Philadelphia Elections Won’t Be Hacked

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PHILADELPHIA City Commissioners Lisa Deeley and Al Schmidt, whose office manages elections, say the November vote is secure from computerized tampering.

BY TONY WEST
Recent revelations of election interference by Russian and other foreign agents have raised widespread concern about the vulnerability of the November general election to such attacks. Nationwide, 64% of registered voters say election security should be a top priority, according to a Marist Poll released this week; that number rises to 70% in the Northeastern U.S.

Election administration is handled at the state and local level, however. And Pennsylvania authorities are confident their systems are designed to minimize this risk.

“Voters should be very secure in the knowledge that their vote is secure,” said City Commission Chair Lisa Deeley, whose agency administers elections in Philadelphia.

Although it often seems that everything is connected to the internet, Pennsylvania’s election mechanics are not. From the viewpoint of the online world, your vote takes place inside a black box – which is inside another black box.

“Voting machines are not hackable. They are not connected to the internet,” explained Deeley. “Our Board of Elections tabulates the results of machine counts and reports them to the Pennsylvania Department of State, through its Statewide Uniform Registry of Electors (SURE) system.”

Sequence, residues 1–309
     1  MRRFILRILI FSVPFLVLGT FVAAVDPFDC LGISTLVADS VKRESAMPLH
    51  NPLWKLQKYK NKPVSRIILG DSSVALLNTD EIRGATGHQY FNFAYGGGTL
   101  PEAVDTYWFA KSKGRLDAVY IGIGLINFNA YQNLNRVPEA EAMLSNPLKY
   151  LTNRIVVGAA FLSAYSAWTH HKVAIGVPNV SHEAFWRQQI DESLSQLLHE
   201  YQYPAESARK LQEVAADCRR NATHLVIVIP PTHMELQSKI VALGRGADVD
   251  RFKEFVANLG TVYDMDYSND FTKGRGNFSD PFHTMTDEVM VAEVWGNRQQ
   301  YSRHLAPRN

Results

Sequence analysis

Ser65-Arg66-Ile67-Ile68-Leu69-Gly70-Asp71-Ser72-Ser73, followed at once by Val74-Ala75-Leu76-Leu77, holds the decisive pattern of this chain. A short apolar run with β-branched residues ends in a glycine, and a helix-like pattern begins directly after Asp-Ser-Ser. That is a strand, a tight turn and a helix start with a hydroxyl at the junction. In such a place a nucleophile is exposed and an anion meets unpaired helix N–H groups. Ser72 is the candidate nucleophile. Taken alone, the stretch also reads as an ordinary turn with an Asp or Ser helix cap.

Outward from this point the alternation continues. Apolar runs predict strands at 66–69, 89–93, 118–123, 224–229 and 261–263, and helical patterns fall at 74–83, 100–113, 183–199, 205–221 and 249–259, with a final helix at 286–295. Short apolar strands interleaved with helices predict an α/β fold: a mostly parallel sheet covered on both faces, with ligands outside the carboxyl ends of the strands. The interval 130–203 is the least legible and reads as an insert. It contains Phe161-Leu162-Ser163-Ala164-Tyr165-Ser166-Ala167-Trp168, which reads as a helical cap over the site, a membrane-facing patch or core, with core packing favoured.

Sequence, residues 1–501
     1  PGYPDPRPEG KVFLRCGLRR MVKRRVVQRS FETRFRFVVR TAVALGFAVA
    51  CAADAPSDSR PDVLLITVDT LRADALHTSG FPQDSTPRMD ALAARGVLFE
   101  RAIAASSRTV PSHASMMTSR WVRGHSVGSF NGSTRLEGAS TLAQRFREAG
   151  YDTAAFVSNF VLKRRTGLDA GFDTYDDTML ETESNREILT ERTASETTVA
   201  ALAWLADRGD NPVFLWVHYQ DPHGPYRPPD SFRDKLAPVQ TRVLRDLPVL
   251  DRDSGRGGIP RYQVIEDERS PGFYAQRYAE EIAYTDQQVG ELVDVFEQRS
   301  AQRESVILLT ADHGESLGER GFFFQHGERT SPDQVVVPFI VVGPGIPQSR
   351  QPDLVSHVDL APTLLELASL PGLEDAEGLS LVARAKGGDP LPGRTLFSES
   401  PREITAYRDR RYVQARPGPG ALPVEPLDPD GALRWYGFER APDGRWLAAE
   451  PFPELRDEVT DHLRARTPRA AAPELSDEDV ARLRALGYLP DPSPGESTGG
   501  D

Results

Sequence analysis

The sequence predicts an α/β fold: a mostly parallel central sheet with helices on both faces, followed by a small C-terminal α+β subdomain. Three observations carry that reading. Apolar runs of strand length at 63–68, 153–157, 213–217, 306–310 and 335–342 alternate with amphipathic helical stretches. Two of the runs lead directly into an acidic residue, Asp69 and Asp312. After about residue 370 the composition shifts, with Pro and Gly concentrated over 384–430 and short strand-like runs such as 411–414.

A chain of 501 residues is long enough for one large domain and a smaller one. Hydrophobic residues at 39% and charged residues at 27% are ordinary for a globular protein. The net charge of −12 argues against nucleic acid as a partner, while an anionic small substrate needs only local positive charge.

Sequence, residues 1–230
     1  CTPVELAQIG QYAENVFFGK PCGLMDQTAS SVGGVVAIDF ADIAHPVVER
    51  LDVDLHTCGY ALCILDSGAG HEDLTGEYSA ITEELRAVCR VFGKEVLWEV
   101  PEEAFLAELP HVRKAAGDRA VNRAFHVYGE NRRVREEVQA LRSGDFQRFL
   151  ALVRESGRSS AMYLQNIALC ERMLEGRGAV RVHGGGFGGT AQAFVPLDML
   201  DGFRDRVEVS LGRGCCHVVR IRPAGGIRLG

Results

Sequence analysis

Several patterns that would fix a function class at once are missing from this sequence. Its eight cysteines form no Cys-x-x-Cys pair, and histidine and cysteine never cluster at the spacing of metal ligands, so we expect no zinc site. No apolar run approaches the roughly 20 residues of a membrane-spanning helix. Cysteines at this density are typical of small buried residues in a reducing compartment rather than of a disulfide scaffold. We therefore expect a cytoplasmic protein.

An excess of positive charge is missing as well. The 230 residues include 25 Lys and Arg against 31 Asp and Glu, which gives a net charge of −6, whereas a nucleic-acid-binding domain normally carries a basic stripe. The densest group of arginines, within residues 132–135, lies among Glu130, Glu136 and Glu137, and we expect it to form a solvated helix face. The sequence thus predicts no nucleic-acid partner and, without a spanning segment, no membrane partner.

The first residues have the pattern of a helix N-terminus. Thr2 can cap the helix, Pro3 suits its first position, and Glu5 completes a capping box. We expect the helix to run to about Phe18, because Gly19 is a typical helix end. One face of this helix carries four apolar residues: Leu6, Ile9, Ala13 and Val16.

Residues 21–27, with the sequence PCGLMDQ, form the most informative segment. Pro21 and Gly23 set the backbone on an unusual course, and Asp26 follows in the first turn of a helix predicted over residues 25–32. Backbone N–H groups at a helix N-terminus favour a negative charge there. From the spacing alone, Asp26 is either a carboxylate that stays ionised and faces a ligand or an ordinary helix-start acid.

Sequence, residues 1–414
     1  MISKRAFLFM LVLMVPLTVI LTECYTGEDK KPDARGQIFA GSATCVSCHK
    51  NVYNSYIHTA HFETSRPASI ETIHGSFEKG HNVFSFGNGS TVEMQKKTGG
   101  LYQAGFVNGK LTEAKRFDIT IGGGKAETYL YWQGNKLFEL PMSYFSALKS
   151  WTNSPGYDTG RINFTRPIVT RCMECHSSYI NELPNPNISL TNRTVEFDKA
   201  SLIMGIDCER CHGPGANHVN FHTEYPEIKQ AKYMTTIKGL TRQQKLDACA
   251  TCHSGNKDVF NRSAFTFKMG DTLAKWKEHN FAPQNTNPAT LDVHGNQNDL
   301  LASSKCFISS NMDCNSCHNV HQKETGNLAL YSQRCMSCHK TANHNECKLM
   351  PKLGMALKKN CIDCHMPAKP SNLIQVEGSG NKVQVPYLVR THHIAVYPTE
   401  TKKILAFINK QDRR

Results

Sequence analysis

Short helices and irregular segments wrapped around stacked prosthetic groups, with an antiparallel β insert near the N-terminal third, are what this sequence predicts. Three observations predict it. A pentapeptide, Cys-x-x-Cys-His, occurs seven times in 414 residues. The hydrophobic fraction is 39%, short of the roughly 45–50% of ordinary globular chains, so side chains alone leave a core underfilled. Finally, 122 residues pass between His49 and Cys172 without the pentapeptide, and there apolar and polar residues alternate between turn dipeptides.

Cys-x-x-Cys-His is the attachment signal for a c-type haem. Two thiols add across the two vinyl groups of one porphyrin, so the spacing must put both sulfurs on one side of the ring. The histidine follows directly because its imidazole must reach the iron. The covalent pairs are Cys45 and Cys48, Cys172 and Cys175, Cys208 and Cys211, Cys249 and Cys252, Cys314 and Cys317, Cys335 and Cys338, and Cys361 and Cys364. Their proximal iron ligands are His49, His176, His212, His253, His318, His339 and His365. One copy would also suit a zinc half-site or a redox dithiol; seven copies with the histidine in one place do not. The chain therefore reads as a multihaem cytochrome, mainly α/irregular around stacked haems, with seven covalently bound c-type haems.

Ellen Lyons, a spokesperson for the DoS, gave details on SURE, describing it as “Pennsylvania’s custom-built voter-registration database and primary election-administration tool. State and county election officials use SURE to maintain up-to-date voter rolls, carry out general election administration tasks, issue absentee and provisional ballots and verify the qualifications of voters.” It is walled off from the internet and not connected to any public network, she confirmed.

In addition to vote tabulations, said City Commission Co-Chair Al Schmidt, “Voter registration data are likewise fed into SURE. For elections, these data are extracted from SURE.”

City Commission does not leave everything up to the State, however. Recently a security forum was held in Philadelphia, Deeley noted. “There are other things we can try to manage,” she said.
“We work with outside vendors to enhance our security, “Schmidt added. “But it would be imprudent to talk about these measures.”

Election hacking can theoretically have multiple methods. It could add or subtract raw votes. At a deeper level, it could add or subtract voters. But creating imaginary registered voters who then cast tallied votes would be a complicated task even with election systems that are hackable. A likelier fear is that a hack could delete or invalidate voter registrations – perhaps to depress vote totals in select jurisdictions.

Even black-box systems can be compromised, stated Michael Lazin, a computer-security expert.
There are two common channels of penetration. One is physical. “If a hostile operative gains direct access to the targeted network, it’s game over,” Lazin said.